Words on the Word

33. Sunday C

You can find the French original if you press on ‘Norsk bokmål’ in the top left-hand corner of your screen.

Malachy 3:19-20: The day is coming now, burning like a furnace. 
2 Thessalonians 3:7-12: You are supposed to imitate us.
Luke 21:5-19: Everything will be destroyed.

The perspective which today’s Gospel puts before us is a perspective of destruction. Walking around Jerusalem, the disciples admire the buildings that surround them, the work of human ingenuity: ‘Lord, look! Isn’t it amazing what man is capable of?’

Jesus’s response is curt, indeed harsh: ‘Everything will be destroyed.’ Is this the attitude we, as Christians, must adopt with regard to the world? The question is an important one. It invites us to reflect on the way in which we inhabit this world.

Spontaneously, the thought of universal destruction repels to us. We all carry a vital desire to leave traces, to leave our mark on the world, whether by being part of building up a monastic community, by founding a family, by doing constructive work. This desire is good. When it is absent, it is a sign that something is not right. It may even be a sign of illness.

Having crated man, God commanded him to be his co-creator. A sublime vocation. The Garden of Eden was not a primitive version of an urban park, a place of leisure in which gardening happens out of sigh (perhaps at night?), whereas the light of day exposes only languidly promenading amorous couples, amateur practitioners of Tai-chi, and elderly ladies taking their minuscule mutts for a walk. ‘The Lord took man’, we read in the Book of Genesis, ‘and led him to the Garden of Eden to till it and keep it’. This is our primal, identity-shaping task: to dig and plant and weed, in short, to work, so to reveal the potential latent in the world to render it fruitful and lovely.

Still, what’s the good of all this if ‘everything will be destroyed’?

While growing up I had occasion to observe at first hand an unhealthy religious tendency. In the area in which I grew up, in Norway, a band of preachers arrived proclaiming the end of the world. Proud as I was of my agnosticism, I kept a distance; however, the vague of fervour moved my circle of friends, my school, the local population. We heard rumours of children no longer doing homework. It makes sense. If the parousia is at hand, why bother about arithmetic? Some people sold their land. A few enthusiasts tried to walk on water. It didn’t end well. A growing collective hysteria detached those who were hooked, and there many of then, from daily life but without attaching them to a constructive supernatural finality.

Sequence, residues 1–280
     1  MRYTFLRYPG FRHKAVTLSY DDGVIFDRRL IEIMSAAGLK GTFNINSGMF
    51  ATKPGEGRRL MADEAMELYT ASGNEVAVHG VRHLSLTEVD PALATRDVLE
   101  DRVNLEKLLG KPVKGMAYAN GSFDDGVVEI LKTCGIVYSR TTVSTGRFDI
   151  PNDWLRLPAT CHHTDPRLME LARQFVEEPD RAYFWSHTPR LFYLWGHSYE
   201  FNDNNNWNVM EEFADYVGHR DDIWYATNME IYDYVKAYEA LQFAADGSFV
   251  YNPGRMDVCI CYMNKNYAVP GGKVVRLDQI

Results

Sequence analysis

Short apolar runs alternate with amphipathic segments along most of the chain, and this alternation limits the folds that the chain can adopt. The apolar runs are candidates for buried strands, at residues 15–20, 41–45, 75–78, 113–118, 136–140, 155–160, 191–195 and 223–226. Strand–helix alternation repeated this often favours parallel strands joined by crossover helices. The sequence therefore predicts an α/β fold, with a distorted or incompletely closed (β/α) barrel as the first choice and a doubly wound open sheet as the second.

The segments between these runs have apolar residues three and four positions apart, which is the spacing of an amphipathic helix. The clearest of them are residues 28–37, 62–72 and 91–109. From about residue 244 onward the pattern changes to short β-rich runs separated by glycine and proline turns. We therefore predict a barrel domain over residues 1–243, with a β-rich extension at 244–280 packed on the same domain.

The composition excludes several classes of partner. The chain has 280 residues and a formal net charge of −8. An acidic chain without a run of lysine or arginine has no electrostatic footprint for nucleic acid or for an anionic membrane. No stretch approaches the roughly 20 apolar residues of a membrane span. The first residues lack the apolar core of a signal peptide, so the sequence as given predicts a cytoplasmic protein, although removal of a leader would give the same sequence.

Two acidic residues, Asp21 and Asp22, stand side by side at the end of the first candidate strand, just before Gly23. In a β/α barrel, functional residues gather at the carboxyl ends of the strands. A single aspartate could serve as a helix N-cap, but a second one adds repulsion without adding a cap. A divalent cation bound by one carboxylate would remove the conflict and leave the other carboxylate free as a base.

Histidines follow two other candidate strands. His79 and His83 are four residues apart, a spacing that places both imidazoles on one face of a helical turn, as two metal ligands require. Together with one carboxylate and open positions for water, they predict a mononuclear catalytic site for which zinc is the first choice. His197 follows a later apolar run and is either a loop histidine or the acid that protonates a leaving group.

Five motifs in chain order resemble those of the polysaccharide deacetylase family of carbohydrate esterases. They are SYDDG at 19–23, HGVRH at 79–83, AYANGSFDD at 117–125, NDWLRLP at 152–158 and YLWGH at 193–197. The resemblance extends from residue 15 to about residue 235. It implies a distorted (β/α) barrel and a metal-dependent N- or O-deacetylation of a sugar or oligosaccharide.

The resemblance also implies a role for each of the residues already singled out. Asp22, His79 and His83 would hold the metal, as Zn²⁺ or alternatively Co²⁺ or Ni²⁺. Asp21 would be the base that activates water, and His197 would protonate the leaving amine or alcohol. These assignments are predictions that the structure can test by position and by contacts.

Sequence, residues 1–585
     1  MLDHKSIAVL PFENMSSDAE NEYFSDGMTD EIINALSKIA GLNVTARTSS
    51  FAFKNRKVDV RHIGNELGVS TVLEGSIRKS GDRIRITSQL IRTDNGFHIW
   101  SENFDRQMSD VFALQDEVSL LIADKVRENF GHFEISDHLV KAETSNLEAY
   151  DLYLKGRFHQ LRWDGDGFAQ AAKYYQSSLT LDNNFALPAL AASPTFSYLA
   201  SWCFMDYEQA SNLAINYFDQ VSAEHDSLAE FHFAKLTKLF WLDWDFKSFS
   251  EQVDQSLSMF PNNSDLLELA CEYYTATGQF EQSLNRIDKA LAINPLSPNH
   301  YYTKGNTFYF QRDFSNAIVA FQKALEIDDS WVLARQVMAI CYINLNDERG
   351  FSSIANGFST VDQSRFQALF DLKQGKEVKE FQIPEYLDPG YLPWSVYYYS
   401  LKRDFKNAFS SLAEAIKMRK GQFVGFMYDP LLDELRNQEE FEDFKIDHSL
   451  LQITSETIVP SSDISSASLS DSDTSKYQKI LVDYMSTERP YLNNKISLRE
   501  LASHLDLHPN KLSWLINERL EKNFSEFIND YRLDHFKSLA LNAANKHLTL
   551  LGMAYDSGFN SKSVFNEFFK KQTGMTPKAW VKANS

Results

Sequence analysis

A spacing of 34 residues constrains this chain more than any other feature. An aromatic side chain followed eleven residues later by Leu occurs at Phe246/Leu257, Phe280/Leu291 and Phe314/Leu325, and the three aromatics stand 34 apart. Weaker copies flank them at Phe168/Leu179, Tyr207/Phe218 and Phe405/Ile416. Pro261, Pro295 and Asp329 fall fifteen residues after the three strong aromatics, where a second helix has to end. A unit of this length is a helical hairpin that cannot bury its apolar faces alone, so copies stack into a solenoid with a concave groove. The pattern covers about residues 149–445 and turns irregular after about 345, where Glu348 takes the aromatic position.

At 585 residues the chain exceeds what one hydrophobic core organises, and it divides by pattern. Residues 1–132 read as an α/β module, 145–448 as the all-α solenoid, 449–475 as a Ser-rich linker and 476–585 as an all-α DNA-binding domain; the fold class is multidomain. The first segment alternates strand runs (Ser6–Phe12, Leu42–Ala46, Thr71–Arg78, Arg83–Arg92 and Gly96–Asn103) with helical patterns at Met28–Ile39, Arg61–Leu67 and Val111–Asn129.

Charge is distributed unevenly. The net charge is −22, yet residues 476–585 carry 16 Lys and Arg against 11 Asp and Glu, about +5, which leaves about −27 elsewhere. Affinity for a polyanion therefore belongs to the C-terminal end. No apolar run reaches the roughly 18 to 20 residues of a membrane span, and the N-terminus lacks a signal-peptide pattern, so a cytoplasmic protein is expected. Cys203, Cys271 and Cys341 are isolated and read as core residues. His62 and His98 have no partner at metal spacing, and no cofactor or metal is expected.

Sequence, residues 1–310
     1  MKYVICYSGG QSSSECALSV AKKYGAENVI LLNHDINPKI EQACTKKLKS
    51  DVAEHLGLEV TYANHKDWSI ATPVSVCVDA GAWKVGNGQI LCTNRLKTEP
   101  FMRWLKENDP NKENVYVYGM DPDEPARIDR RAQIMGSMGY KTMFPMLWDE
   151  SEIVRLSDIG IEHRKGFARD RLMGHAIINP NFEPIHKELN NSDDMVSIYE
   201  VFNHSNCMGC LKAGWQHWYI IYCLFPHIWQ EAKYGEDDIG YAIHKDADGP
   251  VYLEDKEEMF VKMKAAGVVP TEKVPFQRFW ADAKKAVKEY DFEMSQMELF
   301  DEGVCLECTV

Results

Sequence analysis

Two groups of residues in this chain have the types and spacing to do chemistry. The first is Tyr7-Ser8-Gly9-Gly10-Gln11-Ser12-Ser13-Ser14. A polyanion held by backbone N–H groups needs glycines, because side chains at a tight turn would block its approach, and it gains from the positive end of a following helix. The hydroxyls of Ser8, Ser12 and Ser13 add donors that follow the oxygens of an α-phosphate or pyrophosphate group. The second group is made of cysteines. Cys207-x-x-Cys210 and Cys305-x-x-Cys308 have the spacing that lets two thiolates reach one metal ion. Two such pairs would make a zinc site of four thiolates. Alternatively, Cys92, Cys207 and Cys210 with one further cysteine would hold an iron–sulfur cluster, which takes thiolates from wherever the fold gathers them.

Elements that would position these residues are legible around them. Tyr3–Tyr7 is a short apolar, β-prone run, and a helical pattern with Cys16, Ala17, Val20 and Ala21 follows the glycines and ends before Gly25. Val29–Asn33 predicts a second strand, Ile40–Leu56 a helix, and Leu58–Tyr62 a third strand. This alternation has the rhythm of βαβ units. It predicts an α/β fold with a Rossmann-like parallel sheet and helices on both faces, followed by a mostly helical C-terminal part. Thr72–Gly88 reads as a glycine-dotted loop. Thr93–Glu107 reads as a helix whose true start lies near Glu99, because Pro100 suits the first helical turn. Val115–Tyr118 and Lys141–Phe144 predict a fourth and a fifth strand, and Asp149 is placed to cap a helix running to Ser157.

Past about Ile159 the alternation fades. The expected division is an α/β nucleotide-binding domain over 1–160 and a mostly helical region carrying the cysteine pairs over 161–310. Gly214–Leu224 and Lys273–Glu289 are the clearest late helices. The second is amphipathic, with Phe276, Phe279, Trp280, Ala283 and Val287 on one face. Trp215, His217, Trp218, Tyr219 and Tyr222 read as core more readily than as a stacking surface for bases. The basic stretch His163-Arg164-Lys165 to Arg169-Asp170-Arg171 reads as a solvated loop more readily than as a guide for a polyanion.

That’s not what the Gospel is about.

In fact, the Lord provides a corrective to this way of thinking. He does not tell us to dispose concrete realities. He tells us not to mix them up with realities that perdure. Remember the context in which the Gospel discourse is made. Jesus is about to enter his Passion. He knows he has precious little time to communicate his message, of crucial importance. Yet the disciples are busy with tourism.

If we’re honest, have we not often acted in precisely this way, ignoring the teaching of the Lord, letting ourselves rather be absorbed by banalities? It is to wake us up that the Lord brusquely reorients our gaze. He says: ‘All the beautiful things you can see, your possessions, the work of your hands – they are not everything there is.’ He says: ‘Be attentive!’

Why? For a simple reason. If we lose the habit of considering what is temporal in the light of what is eternal, we shall seek the purpose of our life in view of an horizon that grows ever narrower, full of menacing shadows. We shall be at the mercy of false prophets who manipulate these shadows as puppets to inspire fear and to keep us submitted to the power of their rhetoric. We see this tendency at work often enough in our anxious Europe today. The Christian’s remedy is to raise his eyes serenely in search of a vaster comprehension, animated by hope, remembering that creation doesn’t exist for its own sake, that it indicates a purpose that transcends it.

If we accomplish our earthly pilgrimage in this way, our life will not be any less sweet or precious. On the contrary. Hope will bestow on constrained existence an opening towards eternity. By following this hope, we shall give to others, too, the courage to hope.

The quality which the Gospel proposes to learn to live in this way is perseverance: perseverance in directing our thoughts and acts according to the mind of God; perseverance in listening and patience (the two presuppose one another); perseverance in friendship with Jesus, by which grace will also instil our others friendships, which otherwise might tend towards superficiality, informed by self-love and self-interest.

By building our lives thus on what is true and real, we shall not need to fear the day of the Lord, burning like a furnace. Let fire consume the chaff and withered branches! For the Children of the Kingdom, who live according to the logic of their baptism, the day of the Lord will bring healing in its wings. Let us, then, give ourselves faithfully to our daily tasks, as St Paul would have it, for the good of others and for our delight, but without forgetting that our today points towards God’s tomorrow. Our present condition, even in its moments of ecstasy, is but a noviciate preparing us for a life of eternal abundance. Amen.


En spansk Pantokrator datert til 1123, da cistercienserordenen var i full ekspansjon.